In the world of Asdar, gold is not any rarer than it is in the real world. Even if ‘guestimate’ that one standard gold coin in the Pallathantic Region around 2740 AS is worth about $500USD, I still cannot instantly calculate the price of goods and services in the world of Asdar. Consider a house. Modern manufacturing technology and cheap labor from Mexico means that your house in the US could be comparably cheaper than the rough equivalent would be in the world of Asdar. Additionally, a house in the modern world would have technological conveniences (central heating, central cooling, electricity, natural gas, possibly solar power) which most homes in Asdar would not have. Indoor plumbing, municipal water supply, and sewage disposal are probably the only thing they would have in common in this regard, and only in the large, advanced cities. It is possible that some houses could have natural gas (“essence”), but that would only be in larger cities. So for this reason, I can’t really calculate the price of a house with scientific certainty. As with all real estate, the location (and thus the desirability) is the most widely varying factor. An old, but well-kept three-bedroom penthouse in the nicest neighborhood in Trevirs would cost more than a large
What if I wanted to compare the cost of a nice suit in the real world with the cost of the cultural equivalent in the world of Asdar, 2750 AS? Labor in the world of Asdar is cheaper than in the modern US. Similar to the real word, textiles in the world of Asdar in 2750 are manufactured by means of titancraft textile mills, so they are made more cheaply than in a medieval setting. The suit itself in Asdar would be made by a professional tailor — what is called ‘bespoke’ in the UK. The equivalent of that in the US is a lot more expensive than an off-the-rack suit. But there’s no equivalent in Asdar of an off-the-rack suit, except, perhaps, the second-hand clothing market. A nice tailored suit in the US would be at least $2000USD, and that’s really at the low end of the scale. A very nice suit would be $5000USD. The price rises higher if you ask for ridiculously luxury add-ons, like metallic gold stripes in the fabric and with that kind of “Michael Jackson” whimsy, there’s no upper limit to the cost. With a price range of $2000 to $5000USD, the equivalent at $500/gp is 4 to 10 gps. In the PF Core Rulebook, a peasant’s outfit is 1sp. PF defines 1 gp as 10 sps. That means that a peasant’s outfit is worth $48 to $50USD. PF says a noble’s outfit is 75 gps and a royal outfit is worth 200 gps. By simple division, the noble outfit is worth $36,000USD (480 x 75) and the royal outfit is worth $96,000USD (200 x 480). Those prices clearly are for the upper-crust and very well-heeled. We can safely assume they are made of the very best cloths (wool, silk) with the highest state of the craft (immaculately fitted, richly embroidered), set with fine adornments like gold, semi-precious, and precious gems. But would it really cost that much? It’s hard to tell. The high end wardrobes of Hollywood and the upper crust are due mainly to the cost of the designer rather than the materials. Silk cloth which cost a small fortune in the middle ages is not so costly today. True, along with fine wool, silk is one of the most expensive textiles, it is however not exorbitantly expensive. High end silk brocade or very fine suiting wool costs about $300USD a yard. If you need six yards of the stuff for an outfit, that’s still only $1500USD for the material. In the PF Core Rulebook, it says 1 square yard of silk is worth 10 gps. Keep in mind that a square yard is necessarily only 36inches wide. The yard in my example at $300USD/a yard is at least 45 inches wide or about 1 1/2 square yards, so six yards in my example make 9 square yards. I would pay $1500USD in the real world. In the PF universe, I would pay 90 gps which as a commodity today in the real world would be worth $43,200USD. There’s a big difference between $1500USD and $43,200USD.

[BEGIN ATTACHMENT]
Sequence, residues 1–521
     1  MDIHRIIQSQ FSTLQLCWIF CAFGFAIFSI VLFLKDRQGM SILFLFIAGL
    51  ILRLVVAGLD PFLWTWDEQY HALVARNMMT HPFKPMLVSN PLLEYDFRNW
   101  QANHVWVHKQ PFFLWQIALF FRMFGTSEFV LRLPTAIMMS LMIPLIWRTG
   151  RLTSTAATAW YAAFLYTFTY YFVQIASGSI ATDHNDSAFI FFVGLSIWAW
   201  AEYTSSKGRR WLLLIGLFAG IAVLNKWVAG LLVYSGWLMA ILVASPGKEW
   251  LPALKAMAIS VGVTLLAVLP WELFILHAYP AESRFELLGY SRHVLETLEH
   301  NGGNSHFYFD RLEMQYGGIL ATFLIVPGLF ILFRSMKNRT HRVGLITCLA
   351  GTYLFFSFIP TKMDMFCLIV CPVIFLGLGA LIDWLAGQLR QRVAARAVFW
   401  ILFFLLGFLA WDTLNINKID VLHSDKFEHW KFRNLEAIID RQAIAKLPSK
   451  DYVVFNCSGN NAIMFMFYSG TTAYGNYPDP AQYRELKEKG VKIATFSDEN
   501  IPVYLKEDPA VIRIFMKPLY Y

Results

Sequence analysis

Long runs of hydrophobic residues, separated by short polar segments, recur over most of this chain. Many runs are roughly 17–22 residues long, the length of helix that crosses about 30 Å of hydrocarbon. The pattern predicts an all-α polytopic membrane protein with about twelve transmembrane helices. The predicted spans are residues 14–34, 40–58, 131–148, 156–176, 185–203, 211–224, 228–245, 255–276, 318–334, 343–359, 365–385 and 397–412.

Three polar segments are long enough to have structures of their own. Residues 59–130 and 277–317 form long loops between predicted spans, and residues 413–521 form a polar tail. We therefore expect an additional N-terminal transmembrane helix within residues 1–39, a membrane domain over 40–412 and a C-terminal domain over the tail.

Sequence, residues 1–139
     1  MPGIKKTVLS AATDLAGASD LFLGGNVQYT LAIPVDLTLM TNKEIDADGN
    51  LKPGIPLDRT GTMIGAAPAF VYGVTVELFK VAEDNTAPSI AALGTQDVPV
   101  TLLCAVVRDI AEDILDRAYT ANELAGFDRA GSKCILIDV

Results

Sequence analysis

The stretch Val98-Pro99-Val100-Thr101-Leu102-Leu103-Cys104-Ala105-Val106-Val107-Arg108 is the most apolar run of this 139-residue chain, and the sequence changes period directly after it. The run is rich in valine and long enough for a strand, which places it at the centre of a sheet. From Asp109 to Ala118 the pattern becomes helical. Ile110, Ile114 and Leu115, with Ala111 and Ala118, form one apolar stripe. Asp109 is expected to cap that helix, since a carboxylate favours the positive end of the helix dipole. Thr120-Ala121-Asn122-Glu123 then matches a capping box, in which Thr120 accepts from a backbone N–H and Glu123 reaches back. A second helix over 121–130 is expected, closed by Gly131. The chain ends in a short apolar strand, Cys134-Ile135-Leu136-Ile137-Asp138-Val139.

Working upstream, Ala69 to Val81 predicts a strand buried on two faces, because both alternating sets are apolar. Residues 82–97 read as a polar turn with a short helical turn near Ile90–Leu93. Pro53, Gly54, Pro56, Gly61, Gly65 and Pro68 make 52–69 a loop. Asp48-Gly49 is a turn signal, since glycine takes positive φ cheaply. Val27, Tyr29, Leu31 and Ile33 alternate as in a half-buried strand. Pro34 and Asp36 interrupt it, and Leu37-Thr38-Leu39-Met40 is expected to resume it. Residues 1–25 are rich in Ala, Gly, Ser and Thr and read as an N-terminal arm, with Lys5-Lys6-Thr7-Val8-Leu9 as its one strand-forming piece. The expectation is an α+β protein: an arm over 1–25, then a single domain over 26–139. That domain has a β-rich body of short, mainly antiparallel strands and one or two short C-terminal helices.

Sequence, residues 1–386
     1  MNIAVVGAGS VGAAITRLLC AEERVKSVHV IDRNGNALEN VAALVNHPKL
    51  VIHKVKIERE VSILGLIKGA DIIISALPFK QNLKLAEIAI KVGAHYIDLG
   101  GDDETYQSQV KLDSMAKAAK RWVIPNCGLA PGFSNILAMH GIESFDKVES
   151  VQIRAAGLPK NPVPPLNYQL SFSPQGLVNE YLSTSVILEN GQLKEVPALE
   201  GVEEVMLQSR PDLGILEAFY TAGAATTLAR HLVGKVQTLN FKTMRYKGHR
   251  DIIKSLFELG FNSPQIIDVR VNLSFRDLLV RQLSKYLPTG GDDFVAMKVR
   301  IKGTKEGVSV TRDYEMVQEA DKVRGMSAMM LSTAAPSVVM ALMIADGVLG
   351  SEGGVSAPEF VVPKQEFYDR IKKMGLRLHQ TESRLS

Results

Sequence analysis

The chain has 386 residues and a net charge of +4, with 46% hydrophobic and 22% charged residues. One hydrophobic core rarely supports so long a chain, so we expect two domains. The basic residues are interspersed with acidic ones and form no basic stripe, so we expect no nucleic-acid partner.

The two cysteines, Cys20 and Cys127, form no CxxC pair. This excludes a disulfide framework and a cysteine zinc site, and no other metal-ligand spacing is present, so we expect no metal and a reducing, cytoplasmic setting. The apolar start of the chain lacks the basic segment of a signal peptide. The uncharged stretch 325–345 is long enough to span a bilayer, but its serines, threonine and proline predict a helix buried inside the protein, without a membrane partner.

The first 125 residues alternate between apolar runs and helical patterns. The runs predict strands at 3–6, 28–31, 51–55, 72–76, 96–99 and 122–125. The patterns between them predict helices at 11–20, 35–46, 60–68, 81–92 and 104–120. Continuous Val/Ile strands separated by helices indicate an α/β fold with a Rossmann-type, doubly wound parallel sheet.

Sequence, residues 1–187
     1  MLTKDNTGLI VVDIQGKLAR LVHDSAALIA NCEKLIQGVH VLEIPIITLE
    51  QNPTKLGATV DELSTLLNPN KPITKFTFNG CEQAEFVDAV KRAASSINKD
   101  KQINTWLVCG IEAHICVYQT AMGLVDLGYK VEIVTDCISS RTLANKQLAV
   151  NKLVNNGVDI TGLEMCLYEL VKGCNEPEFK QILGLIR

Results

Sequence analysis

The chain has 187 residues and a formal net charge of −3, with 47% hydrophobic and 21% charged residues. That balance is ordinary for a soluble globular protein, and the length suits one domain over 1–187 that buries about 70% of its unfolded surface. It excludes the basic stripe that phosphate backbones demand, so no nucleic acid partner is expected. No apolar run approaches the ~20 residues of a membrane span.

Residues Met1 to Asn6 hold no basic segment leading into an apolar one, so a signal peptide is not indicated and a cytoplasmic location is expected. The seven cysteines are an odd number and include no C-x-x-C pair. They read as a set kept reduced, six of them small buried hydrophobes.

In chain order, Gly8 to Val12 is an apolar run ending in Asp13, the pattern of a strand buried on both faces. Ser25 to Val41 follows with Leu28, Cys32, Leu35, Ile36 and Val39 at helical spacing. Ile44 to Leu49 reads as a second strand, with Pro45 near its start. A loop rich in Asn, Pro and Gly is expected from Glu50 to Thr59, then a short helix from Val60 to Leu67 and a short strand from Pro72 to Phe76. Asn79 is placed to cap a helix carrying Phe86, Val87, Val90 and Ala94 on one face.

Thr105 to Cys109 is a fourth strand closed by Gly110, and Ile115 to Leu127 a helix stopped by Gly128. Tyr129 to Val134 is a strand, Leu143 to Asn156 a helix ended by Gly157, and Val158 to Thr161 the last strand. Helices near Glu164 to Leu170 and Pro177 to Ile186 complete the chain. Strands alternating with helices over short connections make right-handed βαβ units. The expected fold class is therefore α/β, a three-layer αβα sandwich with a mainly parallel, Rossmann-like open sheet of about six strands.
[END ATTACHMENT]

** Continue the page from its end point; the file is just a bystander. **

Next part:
According to the PF Core Rulebook, the average starting character wealth is from 70 to 175 gps. Those 70 gps on earth would be worth, today, (70 x$480) $33,600USD. The high end amount of 175 gps would be $84,000USD. If I use the tentative amount of $500/gp, the amounts would be 35,000 and 87,500. These may in fact be useful figures, but only in relationship to goods and services bought in the PF universe.
So, as you can see, simple division cannot adequately covert the cost of goods in the real world to the cost in an imaginary world. The use of fiat currency in the real world only complicates matters. But even without fiat currencies, it would still be difficult to convert the cost of goods and services in the PF universe or the world of Asdar to year 1900 era US dollars (or Euros or Pounds, etc.).
NOTE: The PF Core Rulebook gives 48 coins as weighing a pound, but doesn’t say whether this is a gold, silver, or copper coin. I assumed they meant a gold coin. The reason this is important is because gold, silver, and copper have different densities and the same volume of gold would weigh less if it were silver. Perhaps, the difference is insignificant.